We live in an age where the President of the United States can order that a missile fly through any window of any building in the world. We live in a world where the ships of the nations can be tracked as they move about the surface of the great seas, yet we're held hostage by a group of criminals in speedboats. It's ludicrous, it's disgusting, and it's the state of the world's contempt for international law.

Yeah, Somalia is a failed state, but there are lots of failed states who don't turn to criminality to feed themselves. Pirates in Somalia have taken piracy to a whole new level by the increasing demand for ransom. This morning, they hold an American shipping captain and are demanding ransom.

Kill them all, I say, and hang them from a gibbet.

Friday, April 10, 2009

All rifles ...

All rifles are a lesson unto themselves. I've learned this from shooting and talking and watching. What a given load does in your rifle might be entirely different from what that same load does in my rifle.

Granted, there are some loads that seem to shoot well in any rifle of a given caliber. These are called standard loads and are used when the particular performance of a given rifle is unknown. For example: If you load a .30-30 case with 30 grains of IMR 3031 and seat a 170 grain jacketed bullet, that load will duplicate most factory ammo and will deliver fair accuracy. Lots of deer have fallen to that load.

However, that doesn't change the fact that each rifle is different. Dave Petzal, over at The Gun Nut, talks about such things. Rifles are different and if you're going to get the best from your rifle, you need to know about those differences.

The Boonie Bench

We lost my father-in-law two years ago. He was known as Boonie by all of us and his love of outdoor cooking, either on an open fire or with a propane cooker was legendary. He was always looking for a way to be comfortable and have his cooking implements at the correct height. One of the things he'd cobble together was a small bench that allowed him to stand comfortably while frying fish and have enough room for his implements.

I've got to fry fish this afternoon at the church. Every Good Friday, four or five of the men get together and fry fish for the congregation. So, this afternoon about three o'clock, I'm heading to the church. I needed a small bench to help with the cooking so today I took a lesson from my father-in-law and carpented a small bench.

I give you the Boonie Bench.

It's four feet long, eighteen inches tall and about 14 inches wide. I say about, because I didn't measure the width. I didn't use a micrometer when I was building this bench. It's all lumber left over from other projects.

You'll notice the small gap between the two top boards. That gap is there to let you grasp the bench from the middle, to move it with one hand. That's one of Boonie's trademark design features.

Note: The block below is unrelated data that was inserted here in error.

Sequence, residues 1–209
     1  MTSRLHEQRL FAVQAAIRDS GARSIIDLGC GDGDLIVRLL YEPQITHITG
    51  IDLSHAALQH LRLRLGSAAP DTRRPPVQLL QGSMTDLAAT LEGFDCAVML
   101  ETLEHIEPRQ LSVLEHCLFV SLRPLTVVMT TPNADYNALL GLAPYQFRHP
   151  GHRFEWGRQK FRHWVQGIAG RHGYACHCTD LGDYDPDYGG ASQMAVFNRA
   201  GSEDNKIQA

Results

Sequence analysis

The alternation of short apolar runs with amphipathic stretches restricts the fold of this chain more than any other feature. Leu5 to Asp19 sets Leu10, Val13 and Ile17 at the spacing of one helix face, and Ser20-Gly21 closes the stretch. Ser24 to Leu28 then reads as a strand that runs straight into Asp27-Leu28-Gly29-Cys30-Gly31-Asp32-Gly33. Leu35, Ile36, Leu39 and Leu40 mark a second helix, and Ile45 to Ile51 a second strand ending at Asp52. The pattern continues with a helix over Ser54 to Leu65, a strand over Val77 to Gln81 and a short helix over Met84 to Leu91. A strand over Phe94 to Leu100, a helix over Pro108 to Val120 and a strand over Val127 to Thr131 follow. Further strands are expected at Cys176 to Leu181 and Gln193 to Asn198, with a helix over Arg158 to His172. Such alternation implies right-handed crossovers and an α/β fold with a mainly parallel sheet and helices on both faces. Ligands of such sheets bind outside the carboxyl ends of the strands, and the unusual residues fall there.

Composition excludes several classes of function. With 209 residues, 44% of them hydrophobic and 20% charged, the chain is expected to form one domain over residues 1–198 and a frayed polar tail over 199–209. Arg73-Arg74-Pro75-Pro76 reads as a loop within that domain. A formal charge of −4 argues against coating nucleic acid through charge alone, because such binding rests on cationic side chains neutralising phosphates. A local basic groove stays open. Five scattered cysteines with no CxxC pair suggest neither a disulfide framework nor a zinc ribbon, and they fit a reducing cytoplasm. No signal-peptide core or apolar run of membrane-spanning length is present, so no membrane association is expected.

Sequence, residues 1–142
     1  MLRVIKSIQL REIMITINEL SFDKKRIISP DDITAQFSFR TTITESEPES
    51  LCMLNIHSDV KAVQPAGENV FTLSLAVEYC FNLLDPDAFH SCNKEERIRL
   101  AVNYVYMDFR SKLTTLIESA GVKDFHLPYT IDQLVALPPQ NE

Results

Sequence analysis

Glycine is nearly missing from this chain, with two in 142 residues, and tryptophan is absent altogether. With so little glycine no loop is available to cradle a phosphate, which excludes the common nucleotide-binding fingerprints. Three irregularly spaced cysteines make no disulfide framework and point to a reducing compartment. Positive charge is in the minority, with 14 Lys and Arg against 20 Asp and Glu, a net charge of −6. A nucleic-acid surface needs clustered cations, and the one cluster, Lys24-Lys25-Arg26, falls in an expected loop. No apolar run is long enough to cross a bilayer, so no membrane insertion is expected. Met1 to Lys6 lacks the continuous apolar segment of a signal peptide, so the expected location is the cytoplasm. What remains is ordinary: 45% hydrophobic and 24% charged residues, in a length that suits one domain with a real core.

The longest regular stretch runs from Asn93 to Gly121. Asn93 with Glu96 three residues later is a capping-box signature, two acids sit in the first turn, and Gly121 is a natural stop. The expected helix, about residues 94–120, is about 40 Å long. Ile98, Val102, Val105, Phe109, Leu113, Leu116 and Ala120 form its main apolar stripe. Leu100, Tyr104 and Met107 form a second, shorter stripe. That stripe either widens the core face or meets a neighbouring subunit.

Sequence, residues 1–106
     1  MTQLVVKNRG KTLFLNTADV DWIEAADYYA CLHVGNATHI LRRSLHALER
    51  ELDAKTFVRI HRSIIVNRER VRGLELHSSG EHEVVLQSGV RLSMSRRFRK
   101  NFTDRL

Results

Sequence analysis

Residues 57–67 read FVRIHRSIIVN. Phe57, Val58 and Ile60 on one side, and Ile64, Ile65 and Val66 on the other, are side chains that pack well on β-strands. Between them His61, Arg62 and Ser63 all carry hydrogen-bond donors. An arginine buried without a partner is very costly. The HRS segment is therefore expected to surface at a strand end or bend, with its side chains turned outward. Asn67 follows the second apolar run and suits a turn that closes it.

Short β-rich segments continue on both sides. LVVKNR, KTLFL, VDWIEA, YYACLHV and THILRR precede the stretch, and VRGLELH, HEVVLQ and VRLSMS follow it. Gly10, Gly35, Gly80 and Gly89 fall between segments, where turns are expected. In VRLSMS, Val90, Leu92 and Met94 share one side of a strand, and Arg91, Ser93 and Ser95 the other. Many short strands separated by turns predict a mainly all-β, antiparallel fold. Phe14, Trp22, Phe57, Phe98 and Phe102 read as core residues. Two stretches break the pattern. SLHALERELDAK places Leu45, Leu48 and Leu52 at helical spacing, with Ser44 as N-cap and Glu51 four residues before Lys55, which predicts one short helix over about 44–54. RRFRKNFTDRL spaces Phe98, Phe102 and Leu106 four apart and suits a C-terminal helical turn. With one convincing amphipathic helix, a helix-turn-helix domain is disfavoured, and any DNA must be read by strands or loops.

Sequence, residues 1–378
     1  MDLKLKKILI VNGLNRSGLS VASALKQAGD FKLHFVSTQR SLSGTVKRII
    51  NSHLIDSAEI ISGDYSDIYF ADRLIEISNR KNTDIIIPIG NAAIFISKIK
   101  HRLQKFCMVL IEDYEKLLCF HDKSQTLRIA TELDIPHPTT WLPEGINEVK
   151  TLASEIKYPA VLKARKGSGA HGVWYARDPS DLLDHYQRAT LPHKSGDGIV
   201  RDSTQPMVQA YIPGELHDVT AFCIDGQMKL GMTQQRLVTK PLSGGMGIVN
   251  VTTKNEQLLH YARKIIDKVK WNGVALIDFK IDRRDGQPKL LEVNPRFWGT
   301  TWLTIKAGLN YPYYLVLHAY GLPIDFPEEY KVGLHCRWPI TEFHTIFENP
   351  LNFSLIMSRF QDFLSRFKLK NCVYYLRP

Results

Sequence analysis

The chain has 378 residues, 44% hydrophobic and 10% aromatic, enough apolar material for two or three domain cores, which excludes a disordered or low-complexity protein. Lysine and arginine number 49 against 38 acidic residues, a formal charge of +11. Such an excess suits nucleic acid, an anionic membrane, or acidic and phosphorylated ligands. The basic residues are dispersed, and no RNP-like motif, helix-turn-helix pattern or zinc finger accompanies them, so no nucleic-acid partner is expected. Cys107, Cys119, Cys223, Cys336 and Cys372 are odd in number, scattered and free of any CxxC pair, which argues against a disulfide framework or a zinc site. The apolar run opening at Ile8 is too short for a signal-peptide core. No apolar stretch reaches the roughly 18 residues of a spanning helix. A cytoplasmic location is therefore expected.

The material list is tiny.

1 - 2x4x8
2 - 5/4x6x8 decking boards
1 - plywood scrap, cut diagonally into triangles.

It's screwed together with screws left over from the decking project. Total cost to me is zero, because it's all lumber that was used for other things.

I think the old man would be proud.

Thursday, April 09, 2009

More Global Warming

It seems that the Obama administration is immune to actual... science.
WASHINGTON (AP) - The president's new science adviser said Wednesday that global warming is so dire, the Obama administration is discussing radical technologies to cool Earth's air.

John Holdren told The Associated Press in his first interview since being confirmed last month that the idea of geoengineering the climate is being discussed. One such extreme option includes shooting pollution particles into the upper atmosphere to reflect the sun's rays. Holdren said such an experimental measure would only be used as a last resort.
Has anyone told that dumb sonofabitch that the actual data shows that it's been getting colder for the past nine years? Oh, wait, he's the science adviser. He doesn't have time to look at actual data.

Wednesday, April 08, 2009

Pelosi wants registration

Not that the national news will ever cover it, but it seems that the Speaker of the House wants gun registration.
During an interview on ABC's "Good Morning America," Pelosi said that the Congress will work to find some middle ground between the previous ban, which expired in 2004, and the precedent laid by the Supreme Court in a ruling enumerating more concrete gunowners' rights last term.
That paragraph sets the tone, and of course, she's talking about compromise.
"We have to find some level of compromise," Pelosi said, citing 53 victims of gun violence nationwide in less than a month. "And we have to rid the debate of the misconceptions people have about what gun safety means."
She wants to know what gun safety means? How about The Four Rules, promulgated by Jeff Cooper. Or, the rules promulgated by the NRA. That's what gun safety is all about, Nancy.